"There's a Mermaid in the Bay" - Limited Edition Print

"There's a Mermaid in the Bay" - Limited Edition Print

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This work is to give back to my family and honour my grandmother’s oral history that my mother Evelyn shared with our family. She told us, that it was always in her thoughts and that she would share with us this story when she thought we were ready.

We heard that when our grandmother Bethel was little, she overheard her dad, Alfred Martin talking to another person about seeing a mermaid down near Piggery Beach at Dunwich. Grandma Bethel was born in 1908, so it is estimated that she would have heard her father discussing this around 1916-1918. It was during the December 2014 holidays, that with my mum and siblings, I began to research recorded stories of mermaids in our area, the traditional lands belonging to the Nunukul, Goenpul and Ngugi peoples.

This family research includes asking my mother’s older sister and visiting online sites like Trove and physically going to the State Library QLD to see whether any records of mermaid sightings have been made in the Moreton Bay Region. At the time of creating the original work in, I believe that Warrajamba is known to most people only through the writings of Archibald Meston, a Scottish journalist and – at the time of his writing – the ‘Protector’ for Aboriginal People in South East Queensland. Meston refers to Warrajamba as being on ‘Morton Island (called " Gnoor- gannpin" by the natives). This sea maiden was "Warrajamba," and the tribe had some very strange legends concerning her various performances on sea and land. She was also a favourite figure in riddles and conundrums. (Meston, 1903).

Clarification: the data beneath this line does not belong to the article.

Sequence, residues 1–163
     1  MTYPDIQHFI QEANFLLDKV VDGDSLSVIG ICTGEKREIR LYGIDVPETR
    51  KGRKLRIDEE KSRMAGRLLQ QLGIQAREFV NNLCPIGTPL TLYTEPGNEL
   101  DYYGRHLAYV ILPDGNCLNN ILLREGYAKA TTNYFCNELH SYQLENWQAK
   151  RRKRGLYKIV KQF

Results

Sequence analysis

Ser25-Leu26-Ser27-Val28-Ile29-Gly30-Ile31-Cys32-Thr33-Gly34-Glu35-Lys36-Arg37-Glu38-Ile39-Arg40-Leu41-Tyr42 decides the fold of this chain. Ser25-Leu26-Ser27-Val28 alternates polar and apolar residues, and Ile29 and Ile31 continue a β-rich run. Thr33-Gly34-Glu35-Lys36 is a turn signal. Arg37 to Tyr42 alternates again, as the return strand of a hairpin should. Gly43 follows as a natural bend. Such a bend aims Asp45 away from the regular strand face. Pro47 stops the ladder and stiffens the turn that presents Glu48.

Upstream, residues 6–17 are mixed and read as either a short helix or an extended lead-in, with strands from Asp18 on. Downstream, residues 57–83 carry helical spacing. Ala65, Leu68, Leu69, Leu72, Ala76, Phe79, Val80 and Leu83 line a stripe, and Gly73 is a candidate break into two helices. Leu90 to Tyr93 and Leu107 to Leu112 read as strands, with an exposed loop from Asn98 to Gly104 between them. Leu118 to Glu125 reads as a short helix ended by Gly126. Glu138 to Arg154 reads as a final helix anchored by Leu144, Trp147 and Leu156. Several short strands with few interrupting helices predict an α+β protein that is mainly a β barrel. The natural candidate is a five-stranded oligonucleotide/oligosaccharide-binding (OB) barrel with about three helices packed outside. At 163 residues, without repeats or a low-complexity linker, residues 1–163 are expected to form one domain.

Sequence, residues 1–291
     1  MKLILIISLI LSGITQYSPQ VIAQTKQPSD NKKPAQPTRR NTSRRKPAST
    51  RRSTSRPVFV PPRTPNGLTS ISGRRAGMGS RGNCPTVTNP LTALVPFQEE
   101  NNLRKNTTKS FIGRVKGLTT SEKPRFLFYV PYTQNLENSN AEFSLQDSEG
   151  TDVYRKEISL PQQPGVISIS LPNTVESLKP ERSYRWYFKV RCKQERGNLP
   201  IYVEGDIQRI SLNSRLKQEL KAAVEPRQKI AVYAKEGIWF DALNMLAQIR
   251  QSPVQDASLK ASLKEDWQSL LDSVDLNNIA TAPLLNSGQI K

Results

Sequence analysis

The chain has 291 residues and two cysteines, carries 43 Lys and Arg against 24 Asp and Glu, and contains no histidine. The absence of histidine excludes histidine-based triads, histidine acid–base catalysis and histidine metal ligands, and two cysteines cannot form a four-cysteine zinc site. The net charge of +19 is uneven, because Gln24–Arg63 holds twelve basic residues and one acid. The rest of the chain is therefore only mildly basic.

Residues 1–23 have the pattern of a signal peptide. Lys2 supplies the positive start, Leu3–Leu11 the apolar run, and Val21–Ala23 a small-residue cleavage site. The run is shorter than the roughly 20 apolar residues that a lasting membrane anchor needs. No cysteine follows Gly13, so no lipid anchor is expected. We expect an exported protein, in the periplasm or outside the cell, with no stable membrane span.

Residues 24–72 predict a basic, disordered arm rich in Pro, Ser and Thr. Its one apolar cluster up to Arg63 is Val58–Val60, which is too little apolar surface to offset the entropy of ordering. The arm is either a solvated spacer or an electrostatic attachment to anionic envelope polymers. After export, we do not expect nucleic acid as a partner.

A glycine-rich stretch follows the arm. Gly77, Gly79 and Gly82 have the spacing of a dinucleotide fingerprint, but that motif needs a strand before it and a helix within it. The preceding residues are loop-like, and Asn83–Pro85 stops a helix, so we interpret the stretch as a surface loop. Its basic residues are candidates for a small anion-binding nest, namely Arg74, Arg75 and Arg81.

In 1903 and 1923, Archibald Meston refers to Warrajamba, a sea-maiden or mermaid. Driving this research further, is this reference to a mermaid, and that the possibilities of stories were written elsewhere in Meston’s work.

In later writing, he suggests that it is known that this story is exactly the same as the ‘blacks of Botany Bay’ (Meston 1923), however what the actual story of Warrajamba is, seems to be unknown in the written record. We also do neither why she is a ‘favourite’ nor why her ‘blood has been spilt, which has coloured the sands of Moreton Island’. There is a further frustration, when Meston mentions ‘They had a legend of the mermaid "Warrajamba," and told me an amazing story, too long for this article’ (Meston 1923). Cheryl Taylor discusses that Meston’s work ‘exemplifies the processes by which popular constructions based on eighteenth-century primitivist idealism, romantic adulation for nature, and Victorian concepts of racial evolution and decline continued to submerge Aboriginal culture and voice’ (2003). In this way Meston’s methods of recording Warrajamba is a submersion of the voice of my ancestors. They entrusted a story to him and he did not find fit to include in the article. Meston was around when my grandmother was little. Many questions run through my mind, that did he speak with any of my family. Did he hear the story of Warrajamba from them? When he was given this gift, why didn't he make an accurate record?

This print and a large mermaid I constructed for my exhibition ‘The Search for Warrajamba’ is my record of this oral history from my grandmother, to my mother, to me.

Print number 4/30 to 30/30 available.
Lino Print.
Printed by Master Printer David Jones.